> On Fri, Mar 09, 2018 at 04:21:37PM -0800, Daniel Lustig wrote:
> > On 3/9/2018 2:57 PM, Palmer Dabbelt wrote:
> > > On Fri, 09 Mar 2018 13:30:08 PST (-0800), parri.and...@gmail.com wrote:
> > >> On Fri, Mar 09, 2018 at 10:54:27AM -0800, Palmer Dabbelt wrote:
> > >>> On Fri, 09 Mar 2018 10:36:44 PST (-0800), parri.and...@gmail.com wrote:
> > >>
> > >> [...]
> > >>
> > >>> >This proposal relies on the generic definition,
> > >>> >
> > >>> >   include/linux/atomic.h ,
> > >>> >
> > >>> >and on the
> > >>> >
> > >>> >   __atomic_op_acquire()
> > >>> >   __atomic_op_release()
> > >>> >
> > >>> >above to build the acquire/release atomics (except for the 
> > >>> >xchg,cmpxchg,
> > >>> >where the ACQUIRE_BARRIER is inserted conditionally/on success).
> > >>>
> > >>> I thought we wanted to use the AQ and RL bits for AMOs, just not for 
> > >>> LR/SC
> > >>> sequences.  IIRC the AMOs are safe with the current memory model, but I 
> > >>> might
> > >>> just have some version mismatches in my head.
> > >>
> > >> AMO.aqrl are "safe" w.r.t. the LKMM (as they provide "full-ordering"); 
> > >> OTOH,
> > >> AMO.aq and AMO.rl present weaknesses that LKMM (and some kernel 
> > >> developers)
> > >> do not "expect".  I was probing this issue in:
> > >>
> > >>   https://marc.info/?l=linux-kernel&m=151930201102853&w=2
> > >>
> > >> (c.f., e.g., test "RISCV-unlock-lock-read-ordering" from that post).
> > >>
> > >> Quoting from the commit message of my patch 1/2:
> > >>
> > >>   "Referring to the "unlock-lock-read-ordering" test reported below,
> > >>    Daniel wrote:
> > >>
> > >>      I think an RCpc interpretation of .aq and .rl would in fact
> > >>      allow the two normal loads in P1 to be reordered [...]
> > >>
> > >>      [...]
> > >>
> > >>      Likewise even if the unlock()/lock() is between two stores.
> > >>      A control dependency might originate from the load part of
> > >>      the amoswap.w.aq, but there still would have to be something
> > >>      to ensure that this load part in fact performs after the store
> > >>      part of the amoswap.w.rl performs globally, and that's not
> > >>      automatic under RCpc.
> > >>
> > >>    Simulation of the RISC-V memory consistency model confirmed this
> > >>    expectation."
> > >>
> > >> I have just (re)checked these observations against the latest 
> > >> specification,
> > >> and my results _confirmed_ these verdicts.
> > > 
> > > Thanks, I must have just gotten confused about a draft spec or something. 
> > >  I'm
> > > pulling these on top or your other memory model related patch.  I've 
> > > renamed
> > > the branch "next-mm" to be a bit more descriptiove.
> > 
> > (Sorry for being out of the loop this week, I was out to deal with
> > a family matter.)
> > 
> > I assume you're using the herd model?  Luc's doing a great job with
> > that, but even so, nothing is officially confirmed until we ratify
> > the model.  In other words, the herd model may end up changing too.
> > If something is broken on our end, there's still time to fix it.
> > 
> > Regarding AMOs, let me copy from something I wrote in a previous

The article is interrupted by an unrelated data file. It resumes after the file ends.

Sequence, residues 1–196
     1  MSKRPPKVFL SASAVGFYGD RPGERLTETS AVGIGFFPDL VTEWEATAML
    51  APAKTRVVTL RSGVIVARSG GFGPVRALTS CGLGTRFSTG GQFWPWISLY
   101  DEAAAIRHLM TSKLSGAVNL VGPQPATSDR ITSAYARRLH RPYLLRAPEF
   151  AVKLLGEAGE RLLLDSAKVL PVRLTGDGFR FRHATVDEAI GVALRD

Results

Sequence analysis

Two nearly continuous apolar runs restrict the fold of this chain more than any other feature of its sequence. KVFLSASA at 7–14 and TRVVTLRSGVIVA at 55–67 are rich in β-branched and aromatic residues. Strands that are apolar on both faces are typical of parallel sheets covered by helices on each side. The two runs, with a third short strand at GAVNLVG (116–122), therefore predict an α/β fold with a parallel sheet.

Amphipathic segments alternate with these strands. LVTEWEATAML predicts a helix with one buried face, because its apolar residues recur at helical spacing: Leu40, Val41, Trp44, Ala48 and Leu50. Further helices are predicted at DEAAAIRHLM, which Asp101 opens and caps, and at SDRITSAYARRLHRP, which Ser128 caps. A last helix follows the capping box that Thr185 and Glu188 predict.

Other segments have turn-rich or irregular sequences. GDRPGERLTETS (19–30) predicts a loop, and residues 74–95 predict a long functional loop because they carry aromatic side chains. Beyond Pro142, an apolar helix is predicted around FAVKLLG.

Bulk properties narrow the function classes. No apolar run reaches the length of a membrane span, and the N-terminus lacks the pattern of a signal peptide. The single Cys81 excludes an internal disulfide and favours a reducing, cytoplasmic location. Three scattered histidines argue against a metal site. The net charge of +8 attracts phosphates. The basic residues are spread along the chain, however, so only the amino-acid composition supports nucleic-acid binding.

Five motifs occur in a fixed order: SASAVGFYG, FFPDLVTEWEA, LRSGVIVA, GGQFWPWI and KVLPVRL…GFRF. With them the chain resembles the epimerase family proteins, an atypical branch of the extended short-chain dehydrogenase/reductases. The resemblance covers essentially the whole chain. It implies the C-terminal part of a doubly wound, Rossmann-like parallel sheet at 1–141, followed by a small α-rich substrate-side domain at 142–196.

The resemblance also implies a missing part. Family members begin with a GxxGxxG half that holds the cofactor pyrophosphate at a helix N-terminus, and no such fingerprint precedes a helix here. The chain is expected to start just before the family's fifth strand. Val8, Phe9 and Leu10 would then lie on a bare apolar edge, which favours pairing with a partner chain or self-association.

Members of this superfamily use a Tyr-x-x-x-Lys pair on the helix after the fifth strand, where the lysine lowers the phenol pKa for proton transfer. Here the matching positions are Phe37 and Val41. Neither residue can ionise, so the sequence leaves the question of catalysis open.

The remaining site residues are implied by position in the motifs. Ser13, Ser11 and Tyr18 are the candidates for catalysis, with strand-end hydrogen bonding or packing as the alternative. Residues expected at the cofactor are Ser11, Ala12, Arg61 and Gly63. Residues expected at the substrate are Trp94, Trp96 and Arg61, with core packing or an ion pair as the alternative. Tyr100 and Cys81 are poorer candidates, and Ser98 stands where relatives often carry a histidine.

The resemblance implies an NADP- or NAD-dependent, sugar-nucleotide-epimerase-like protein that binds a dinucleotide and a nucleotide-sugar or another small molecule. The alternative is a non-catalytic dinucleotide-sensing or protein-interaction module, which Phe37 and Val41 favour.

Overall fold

> > offline conversation:
> > 
> > > it seems to us that pairing a store-release of "amoswap.rl" with
> > > a "ld; fence r,rw" doesn't actually give us the RC semantics we've
> > > been discussing for LKMM.  For example:
> > > 
> > > (a) sd t0,0(s0)
> > > (b) amoswap.d.rl x0,t1,0(s1)
> > >     ...
> > > (c) ld a0,0(s1)
> > > (d) fence r,rw
> > > (e) sd t2,0(s2)
> > > 
> > > There, we won't get (a) ordered before (e) regardless of whether
> > > (b) is RCpc or RCsc.  Do you agree?
> > 
> > At the moment, only the load part of (b) is in the predecessor
> > set of (d), but the store part of (b) is not.  Likewise, the
> > .rl annotation applies only to the store part of (b), not the
> > load part.
> > 
> > This gets back to a question Linus asked last week about
> > whether the AMO is a single unit or whether it can be
> 
> You mean AMO or RmW atomic operations?
> 
> > considered to split into a load and a store part (which still
> > perform atomically).  For RISC-V, for right now at least, the
> > answer is the latter.  Is it still the latter for Linux too?
> > 
> 
> I think for RmW atomics it's still the latter, the acquire or release is
> for the load part or the store part of an RmW. For example, ppc uses
> lwsync as acquire/release barriers, and lwsync could not order
> write->read. 

You are correct LKMM represent read-modify-write constructs with 2 events,
one read and one write. Those are connected by the special "rmw" relation.



> 
> Regards,
> Boqun

Regards,

--Luc


> 
> > https://lkml.org/lkml/2018/2/26/606
> > 
> > > So I think we'll need to make sure we pair .rl with .aq, or that
> > > we pair fence-based mappings with fence-based mappings, in order
> > > to make the acquire/release operations work.
> > 
> > This assumes we'll say that .aq and .rl are RCsc, not RCpc.
> > But in this case, I think .aq and .rl could still be safe to use,
> > as long as you don't ever try to mix in a fence-based mapping
> > on the same data structure like in the example above.  That
> > might be important if we want to find the most compact legal
> > implementation, and hence do want to use .aq and .rl after all.
> > 
> > > And since we don't have native "ld.aq" today in RISC-V, that
> > > would mean smp_store_release would have to remain implemented
> > > as "fence rw,w; s{w|d}", rather than "amoswap.{w|d}.rl", for
> > > example.
> > 
> > Thoughts?
> > 
> > Thanks,
> > Dan
> > 
> > > 
> > > Thanks!


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